21 Oct 2020
There have never been more options for developers looking to monetize their games. But too often, studios patch together programs that copy what the most successful teams have already done, rather than doing what’s right for their unique game and audience. Then, they’re left scratching their heads when they don’t see the same results.
If that sounds like you and your team, you’ve come to the right place. Let’s break down some best practices for creating strategies to manage ad networks and monetization that are tailor made for your game.
Before getting started, one of the most effective things any developer can do to manage their ad efforts is to prioritize keeping their SDKs up to date. Ad networks update their SDKs often to fix issues, improve performance, and add improvements for new devices, so it’s critical that teams take advantage of these changes to be successful with ads.
Developers who keep old SDKs risk having some brands block their traffic, and can have higher crash rates, which will lower their CPMs, creating a bad waterfall structure that will impact their revenue.
As an example of how powerful simply updating a game’s SDK can be, we updated SDKs in the game Bold Moves and increased revenue by 152 percent, and ARPDAU by 146 percent. Sometimes the simplest things can have the biggest impact!
While it may seem obvious, before developing an ad strategy, it is important to get clarity on the genre of your game, and understand what fans of the genre expect. While it can be tempting to go out and simply mimic the best performing games, ads perform very differently in different kinds of games, as do in-app purchases. Both can have a major impact on which ad networks will ultimately perform best for your game.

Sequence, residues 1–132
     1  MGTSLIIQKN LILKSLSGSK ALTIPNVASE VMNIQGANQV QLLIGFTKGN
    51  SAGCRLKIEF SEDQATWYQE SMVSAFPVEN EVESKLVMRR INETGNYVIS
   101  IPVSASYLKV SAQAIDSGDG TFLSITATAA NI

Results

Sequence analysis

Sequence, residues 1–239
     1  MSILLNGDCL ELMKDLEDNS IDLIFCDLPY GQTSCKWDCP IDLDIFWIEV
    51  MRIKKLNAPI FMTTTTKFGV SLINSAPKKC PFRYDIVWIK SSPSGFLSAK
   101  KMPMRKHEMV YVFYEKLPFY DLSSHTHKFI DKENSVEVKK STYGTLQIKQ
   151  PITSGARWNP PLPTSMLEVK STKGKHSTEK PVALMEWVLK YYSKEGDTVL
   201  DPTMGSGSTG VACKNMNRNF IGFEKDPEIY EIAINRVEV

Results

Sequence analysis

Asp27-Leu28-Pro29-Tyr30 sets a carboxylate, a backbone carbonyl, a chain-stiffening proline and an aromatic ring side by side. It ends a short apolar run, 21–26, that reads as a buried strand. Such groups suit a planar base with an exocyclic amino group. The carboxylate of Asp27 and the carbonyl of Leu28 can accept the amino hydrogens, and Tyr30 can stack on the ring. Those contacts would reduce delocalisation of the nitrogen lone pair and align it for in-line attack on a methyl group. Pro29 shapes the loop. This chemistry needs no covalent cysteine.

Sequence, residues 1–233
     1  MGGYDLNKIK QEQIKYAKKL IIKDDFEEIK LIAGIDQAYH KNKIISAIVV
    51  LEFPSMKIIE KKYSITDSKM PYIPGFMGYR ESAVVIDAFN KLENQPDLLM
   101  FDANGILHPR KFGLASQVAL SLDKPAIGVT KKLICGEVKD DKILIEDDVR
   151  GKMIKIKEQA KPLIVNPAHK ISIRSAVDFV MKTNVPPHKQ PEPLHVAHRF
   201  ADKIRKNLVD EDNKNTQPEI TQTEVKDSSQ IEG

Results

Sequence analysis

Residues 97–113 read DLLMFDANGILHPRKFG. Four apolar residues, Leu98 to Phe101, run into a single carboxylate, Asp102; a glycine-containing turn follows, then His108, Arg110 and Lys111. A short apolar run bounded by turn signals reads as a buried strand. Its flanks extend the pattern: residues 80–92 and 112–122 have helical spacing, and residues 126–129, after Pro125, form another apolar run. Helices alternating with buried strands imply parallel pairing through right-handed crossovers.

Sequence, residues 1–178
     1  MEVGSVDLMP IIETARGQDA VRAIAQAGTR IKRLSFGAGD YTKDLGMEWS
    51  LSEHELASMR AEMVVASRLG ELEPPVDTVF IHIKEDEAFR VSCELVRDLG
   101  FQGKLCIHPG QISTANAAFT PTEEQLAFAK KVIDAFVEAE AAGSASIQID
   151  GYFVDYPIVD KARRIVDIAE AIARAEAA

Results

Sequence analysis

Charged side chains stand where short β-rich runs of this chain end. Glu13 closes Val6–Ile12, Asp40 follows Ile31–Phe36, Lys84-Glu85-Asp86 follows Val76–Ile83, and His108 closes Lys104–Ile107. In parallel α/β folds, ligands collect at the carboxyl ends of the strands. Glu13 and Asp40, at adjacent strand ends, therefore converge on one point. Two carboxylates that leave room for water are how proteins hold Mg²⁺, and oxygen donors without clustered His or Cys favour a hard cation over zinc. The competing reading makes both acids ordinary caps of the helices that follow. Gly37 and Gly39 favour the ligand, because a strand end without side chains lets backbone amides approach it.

For example, take a look at how differently cooking games perform versus word and puzzle games. In the graph, you can see how closely the two word puzzle games, Bold Moves and Languinis, track in their performance with AdMob in terms of CPM. It’s also clear that cooking games Food Truck Chef and Spongebob: Krusty Cook-Off show similar performance.
While there are subtle differences between the games — for example, Bold Moves gets most of its traffic from the US, and Languinis has a more global audience — it is clear AdMob generally performs better for word and puzzle games than it does for cooking games.
Knowing this, it’s essential to avoid putting all your eggs in one basket with any ad network.
It’s important to cast a wide net with different ad networks, but it’s also important to constantly revisit their performance, as they’re always changing and optimizing their own operations. A good example is Facebook. A few years ago we would never have had them in the first call. In our experience they weren’t stable, and the performance just wasn’t there. Then we learned that Facebook only serves ads to users that have their app installed. This means the lower you put them in the waterfall, the smaller the funnel gets. We tested putting them on priority, and revenue increased 30 percent. We learned that Facebook can be really powerful, and one of the networks to consider first.